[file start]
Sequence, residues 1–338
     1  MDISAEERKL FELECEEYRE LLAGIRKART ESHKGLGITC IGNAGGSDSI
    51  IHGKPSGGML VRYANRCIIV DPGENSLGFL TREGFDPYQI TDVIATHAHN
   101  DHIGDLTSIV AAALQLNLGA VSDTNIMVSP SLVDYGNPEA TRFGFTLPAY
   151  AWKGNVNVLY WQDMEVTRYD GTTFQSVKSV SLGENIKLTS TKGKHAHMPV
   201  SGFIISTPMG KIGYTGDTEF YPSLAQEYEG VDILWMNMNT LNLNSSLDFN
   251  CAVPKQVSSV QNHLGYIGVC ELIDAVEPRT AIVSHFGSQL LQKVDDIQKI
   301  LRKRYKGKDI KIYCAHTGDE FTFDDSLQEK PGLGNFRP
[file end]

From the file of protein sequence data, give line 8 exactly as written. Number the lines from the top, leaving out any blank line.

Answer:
   301  LRKRYKGKDI KIYCAHTGDE FTFDDSLQEK PGLGNFRP